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Opinion: Nasrallah’s Communication Confusion - ASHARQ AL-AWSAT English Archive
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In a long interview, published recently in two parts, Hezbollah leader Hassan Nasrallah made striking efforts to polish his image. He talked about everything to an interviewer from the Lebanese newspaper Al-Akhbar—whose affiliation to Hezbollah is such that the paper once dedicated a 1,600-word story just to the way he made his speeches or waved his finger.

Speaking at length, Nasrallah tried to justify his own, his party’s, and Iranian policies in the region. He tried to polish the image of the Assad regime and went as far as saying that the ideology of the Islamic State of Iraq and Syria had been taught in Gulf schools for many years.

Despite all that, this is not the main issue. The main issue is Nasrallah’s talk about the war in Gaza. During the interview, Nasrallah was asked: “Did you receive a request from the Palestinians for direct intervention?” His answer was as follows: “Brother Moussa [Abu-Marzouk] spoke about this issue. No other factions spoke to us, and I think everyone understands!”

Then the interviewer asks Nasrallah: “Do his [Abu-Marzouk’s] words represent the real position of Hamas?” Nasrallah replies: “If this is a serious request it would be discussed within closed circles, not in the media.”

Nasrallah then added: “The communication lines are still open and the contacts are ongoing. He, or any Hamas leader, could have asked to discuss the matter [with us], but to discuss it in the media raises questions in my opinion, and I did not find that appropriate.”

Nasrallah has never stopped lecturing people in the media. How can we forget his address to the Egyptian army a few years ago via the media, calling on them to topple the regime of former Egyptian president Hosni Mubarak. Today, we see him resort to the famous Arab proverb, “Advice in public is but scorn.”

Nasrallah considers Hamas’s request via the media for Hezbollah to intervene in the Gaza war as embarrassing, that it is not appropriate to discuss such a matter on the media airwaves in this manner. Who is Nasrallah trying to fool? Should he not realize more than anyone else that airing your message via the media—like he always does—is pointless, instead of asking Hamas to avoid doing the same?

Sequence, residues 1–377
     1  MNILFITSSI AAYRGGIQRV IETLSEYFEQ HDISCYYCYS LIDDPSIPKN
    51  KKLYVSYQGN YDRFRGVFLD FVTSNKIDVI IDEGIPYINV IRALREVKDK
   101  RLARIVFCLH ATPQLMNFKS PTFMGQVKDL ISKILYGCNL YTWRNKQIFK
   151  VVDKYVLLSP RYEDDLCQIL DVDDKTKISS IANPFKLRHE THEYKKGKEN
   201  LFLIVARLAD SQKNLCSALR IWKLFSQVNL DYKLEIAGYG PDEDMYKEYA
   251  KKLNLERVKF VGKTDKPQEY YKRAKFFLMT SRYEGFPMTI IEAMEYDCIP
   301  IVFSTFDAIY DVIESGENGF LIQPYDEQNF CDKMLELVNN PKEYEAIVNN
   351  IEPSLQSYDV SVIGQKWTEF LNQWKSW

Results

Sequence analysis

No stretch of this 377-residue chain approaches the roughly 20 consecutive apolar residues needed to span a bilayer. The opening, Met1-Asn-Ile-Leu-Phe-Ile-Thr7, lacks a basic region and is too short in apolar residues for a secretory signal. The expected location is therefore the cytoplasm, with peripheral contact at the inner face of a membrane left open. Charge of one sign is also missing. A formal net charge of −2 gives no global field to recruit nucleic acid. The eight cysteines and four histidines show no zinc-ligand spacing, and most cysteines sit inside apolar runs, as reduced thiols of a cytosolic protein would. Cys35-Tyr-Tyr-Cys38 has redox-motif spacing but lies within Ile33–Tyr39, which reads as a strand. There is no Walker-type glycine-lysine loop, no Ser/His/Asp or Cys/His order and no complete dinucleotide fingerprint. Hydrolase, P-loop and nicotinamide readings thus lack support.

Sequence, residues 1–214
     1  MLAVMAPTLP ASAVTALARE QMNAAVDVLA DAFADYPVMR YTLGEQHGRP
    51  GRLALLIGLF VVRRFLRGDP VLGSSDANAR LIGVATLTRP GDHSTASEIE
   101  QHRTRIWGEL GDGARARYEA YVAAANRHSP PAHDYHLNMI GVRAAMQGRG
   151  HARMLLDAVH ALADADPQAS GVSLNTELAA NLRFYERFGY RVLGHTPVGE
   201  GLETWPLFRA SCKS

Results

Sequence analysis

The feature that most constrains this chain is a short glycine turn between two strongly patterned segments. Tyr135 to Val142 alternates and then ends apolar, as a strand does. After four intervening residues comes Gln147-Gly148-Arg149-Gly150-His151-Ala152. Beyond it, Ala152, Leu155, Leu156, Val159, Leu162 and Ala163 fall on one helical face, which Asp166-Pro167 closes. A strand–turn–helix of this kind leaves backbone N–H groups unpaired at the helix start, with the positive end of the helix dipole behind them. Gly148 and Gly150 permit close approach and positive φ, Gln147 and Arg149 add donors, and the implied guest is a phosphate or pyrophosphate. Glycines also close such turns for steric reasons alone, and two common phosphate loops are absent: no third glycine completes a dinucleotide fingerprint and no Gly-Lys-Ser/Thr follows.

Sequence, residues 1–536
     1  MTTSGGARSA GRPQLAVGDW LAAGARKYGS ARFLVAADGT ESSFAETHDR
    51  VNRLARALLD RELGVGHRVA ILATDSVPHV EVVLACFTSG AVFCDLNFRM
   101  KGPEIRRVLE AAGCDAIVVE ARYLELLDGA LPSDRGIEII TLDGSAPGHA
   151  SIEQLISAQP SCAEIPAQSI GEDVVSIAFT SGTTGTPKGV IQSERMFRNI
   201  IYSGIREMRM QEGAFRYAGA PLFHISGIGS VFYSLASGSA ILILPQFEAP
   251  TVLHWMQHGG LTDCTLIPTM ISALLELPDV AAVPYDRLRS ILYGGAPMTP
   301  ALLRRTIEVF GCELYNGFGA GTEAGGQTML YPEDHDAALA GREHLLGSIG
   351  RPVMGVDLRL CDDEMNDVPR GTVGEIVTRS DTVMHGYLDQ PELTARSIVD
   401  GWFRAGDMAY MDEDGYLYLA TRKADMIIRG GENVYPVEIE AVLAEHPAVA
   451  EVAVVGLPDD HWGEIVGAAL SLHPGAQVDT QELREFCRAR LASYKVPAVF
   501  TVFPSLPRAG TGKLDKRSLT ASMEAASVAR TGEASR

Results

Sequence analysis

Nasrallah’s response to the possibility of intervention in Gaza therefore clearly exposes the extent of his and his party’s predicament, embroiled as they are in a sectarian war, where they fight Syrians in defense of the criminal of Damascus. Now he tries, as he always did, to justify his involvement in Syria through the media, while at the same time branding Hamas’s request for intervention through the very same channels as “inappropriate.”

Could there there be a worse predicament than this—not just for Nasrallah, but for Iran too? Iran and Hezbollah are fighting to defend Assad, who not only kills Syrians, but also bombards Palestinians in the Yarmouk camp, at a time when people are weeping over the events in Gaza. So, what predicament could possibly be worse than this for Nasrallah, and for those who stand behind him?

Tariq Alhomayed

Tariq Alhomayed

Tariq Alhomayed is the former editor-in-chief of Asharq Al-Awsat. Mr. Alhomyed has been a guest analyst and commentator on numerous news and current affair programs, and during his distinguished career has held numerous positions at Asharq Al-Awsat, amongst other newspapers. Notably, he was the first journalist to interview Osama Bin Ladin's mother. Mr. Alhomayed holds a bachelor's degree in media studies from King Abdul Aziz University in Jeddah. He is based in London.

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